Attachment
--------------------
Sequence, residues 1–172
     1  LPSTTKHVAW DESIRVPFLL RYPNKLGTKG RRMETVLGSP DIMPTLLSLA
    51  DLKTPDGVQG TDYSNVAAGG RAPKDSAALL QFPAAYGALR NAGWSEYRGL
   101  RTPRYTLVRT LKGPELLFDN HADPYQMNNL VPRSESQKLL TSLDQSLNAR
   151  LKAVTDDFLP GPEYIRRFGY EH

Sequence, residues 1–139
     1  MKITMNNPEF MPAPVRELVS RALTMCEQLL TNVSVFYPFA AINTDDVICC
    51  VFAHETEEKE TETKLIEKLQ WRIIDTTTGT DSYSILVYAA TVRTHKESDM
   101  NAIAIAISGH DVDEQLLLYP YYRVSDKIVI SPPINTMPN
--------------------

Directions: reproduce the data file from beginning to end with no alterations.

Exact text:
Sequence, residues 1–172
     1  LPSTTKHVAW DESIRVPFLL RYPNKLGTKG RRMETVLGSP DIMPTLLSLA
    51  DLKTPDGVQG TDYSNVAAGG RAPKDSAALL QFPAAYGALR NAGWSEYRGL
   101  RTPRYTLVRT LKGPELLFDN HADPYQMNNL VPRSESQKLL TSLDQSLNAR
   151  LKAVTDDFLP GPEYIRRFGY EH

Sequence, residues 1–139
     1  MKITMNNPEF MPAPVRELVS RALTMCEQLL TNVSVFYPFA AINTDDVICC
    51  VFAHETEEKE TETKLIEKLQ WRIIDTTTGT DSYSILVYAA TVRTHKESDM
   101  NAIAIAISGH DVDEQLLLYP YYRVSDKIVI SPPINTMPN